Historical Notes: A proud people who built aqueducts by eye

BURSTING OUT of Anatolia in the 14th century, the Ottoman Turks conquered the whole Balkan peninsula, from the Adriatic to the Black Sea. By the time Mehmed the Conqueror took Constantinople (Istanbul) in 1453, most of Europe's Orthodox population was under Ottoman rule. In 1517 the empire swept up the heartlands of Islam - Syria, Arabia, and Egypt, along with the Holy Cities of Mecca and Medina. In Europe, Belgrade held out until 1524, but it was captured by Suleiman the Magnificent, whose armies overran Hungary and laid siege to Vienna.

Ottoman rule brought peace and prosperity. Christians and Jews were given religious autonomy under the Sultan. The Ottomans themselves were composed of Christian youths, who were picked from the villages, marched to Istanbul, persuaded to discard their faith, and trained as functionaries or soldiers, the famous janissaries. It was a stern meritocracy which owed nothing to faith or birth; the shepherd's son could rise to become Grand Vizier, through a lifetime's training and service.

Many Ottoman dignitaries were Albanian. Albanians were always dirt-poor. They were also proud and quarrelsome. Their conduct was governed by a harsh, Homeric code of honour and vengeance, known as the Law of Lek, which taught them how to live in a remote corner of the world. When the Ottomans began to invade their mountains in the 1450s, they rallied under their leader Skanderbeg and held them off right up to the old chieftain's death in 1462.

After that, they became enthusiastic supporters of the Ottoman Empire, sharp at exploiting the wide horizons which the Ottomans opened up. Many of them converted to Islam, though by the 18th century some had become so confused that they "declare they are utterly unable to judge which is best, and go to the mosque on Fridays and the church on Sundays". By then, Constantinople was mired in corruption and intrigue, and these wild mountaineers were highly valued for their love of fighting and their fierce sense of honour, which included "besa", an unshakeable oath of loyalty.

Lady Mary Wortley Montagu in 1717, like Byron a century later, adored their dress sense, but the Ottomans admired their practical abilities - one of which was to build perfect aqueducts by eye. "Without any mathematical learning, precepts, or instruments," a contemporary wrote,

they make these Aqueducts, measure the height of mountains and distance of places more exactly than a geometrician can, and judge very well the quality and quantity of water. When they are asked the grounds of this art, they know not what you mean, nor can explain themselves.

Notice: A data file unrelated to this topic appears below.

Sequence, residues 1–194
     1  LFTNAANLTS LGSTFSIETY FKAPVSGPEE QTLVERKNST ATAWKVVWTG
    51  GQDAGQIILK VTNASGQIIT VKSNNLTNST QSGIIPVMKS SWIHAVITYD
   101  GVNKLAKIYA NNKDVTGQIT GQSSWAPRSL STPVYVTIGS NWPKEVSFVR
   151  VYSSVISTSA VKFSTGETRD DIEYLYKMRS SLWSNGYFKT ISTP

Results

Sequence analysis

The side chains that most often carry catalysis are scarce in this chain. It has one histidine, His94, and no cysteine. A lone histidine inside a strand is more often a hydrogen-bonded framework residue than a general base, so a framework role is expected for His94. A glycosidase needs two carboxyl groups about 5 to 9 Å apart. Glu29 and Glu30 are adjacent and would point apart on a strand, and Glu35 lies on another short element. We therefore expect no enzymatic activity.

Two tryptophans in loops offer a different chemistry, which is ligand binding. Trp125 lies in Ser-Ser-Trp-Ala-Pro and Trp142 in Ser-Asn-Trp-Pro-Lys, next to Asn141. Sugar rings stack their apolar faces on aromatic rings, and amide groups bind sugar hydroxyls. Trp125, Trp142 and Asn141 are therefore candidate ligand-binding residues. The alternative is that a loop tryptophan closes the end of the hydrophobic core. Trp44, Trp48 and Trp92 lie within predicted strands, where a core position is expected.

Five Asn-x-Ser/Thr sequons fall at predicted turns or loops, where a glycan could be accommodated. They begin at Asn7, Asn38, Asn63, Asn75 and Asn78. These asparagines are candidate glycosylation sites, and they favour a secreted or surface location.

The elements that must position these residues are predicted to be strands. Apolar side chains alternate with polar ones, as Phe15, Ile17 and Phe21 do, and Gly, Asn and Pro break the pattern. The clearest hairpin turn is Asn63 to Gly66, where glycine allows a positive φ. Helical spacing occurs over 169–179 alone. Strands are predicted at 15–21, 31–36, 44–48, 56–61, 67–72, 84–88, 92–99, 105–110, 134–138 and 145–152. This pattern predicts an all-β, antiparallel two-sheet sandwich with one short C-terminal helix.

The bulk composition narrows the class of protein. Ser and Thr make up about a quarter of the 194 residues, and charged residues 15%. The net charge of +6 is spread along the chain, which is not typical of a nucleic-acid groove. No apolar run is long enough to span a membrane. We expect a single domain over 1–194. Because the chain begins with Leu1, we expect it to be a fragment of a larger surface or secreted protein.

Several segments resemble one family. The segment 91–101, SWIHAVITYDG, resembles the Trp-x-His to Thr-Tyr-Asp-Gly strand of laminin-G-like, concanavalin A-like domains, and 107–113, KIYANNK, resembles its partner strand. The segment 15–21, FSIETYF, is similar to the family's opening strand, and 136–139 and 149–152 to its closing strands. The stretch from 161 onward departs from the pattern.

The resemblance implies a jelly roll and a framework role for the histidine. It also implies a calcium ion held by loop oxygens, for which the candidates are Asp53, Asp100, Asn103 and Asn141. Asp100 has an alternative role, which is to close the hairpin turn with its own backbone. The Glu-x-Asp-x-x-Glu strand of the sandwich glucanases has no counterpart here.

In 1682 the Ottomans made their second attempt to capture Vienna, and their spectacular failure there condemned the empire to recognise its limits. Gradually it declined into mere provincialism, so that by the 18th century the old empire had been transformed by the rise of local warlords, jockeying for imperial rewards. One effect was the rise of nationalism, which in the end doomed the Ottomans to extinction (Turkish nationalism, organised by Ataturk in the 1920s, delivered the coup de grace).

The Albanians were far too riddled with vendettas, and too fond of easy pickings abroad, to have much interest in nationalism themselves. Albanians had become the Ottomans' best card against the insurrectionist Greeks, unleashed on them with devastating effect.

In the 19th century, they had five separate and competing alphabets, one of which had 50 letters; and both Ottoman and foreign observers tended to think of Albania as a (criminal) profession rather than a country. Edward Lear found the Albanians very uncongenial when he travelled through the province in 1848; but I have been offered a promise of safety by them quite recently, and would rather have them as friends than otherwise, just as the Ottomans did.

Jason Goodwin is author of `Lords of the Horizons' (Vintage, pounds 7.99)

Suggested Topics
Arts and Entertainment
Wonder.land Musical by Damon Albarn

Theatre

Arts and Entertainment

Film review

Arts and Entertainment
Innocent victim: Oli, a 13-year-old from Cornwall, featured in ‘Kids in Crisis?’
TV review
News
Northern exposure: social housing in Edinburgh, where Hassiba now works in a takeaway
books An Algerian scientist adjusts to life working in a kebab shop
Arts and Entertainment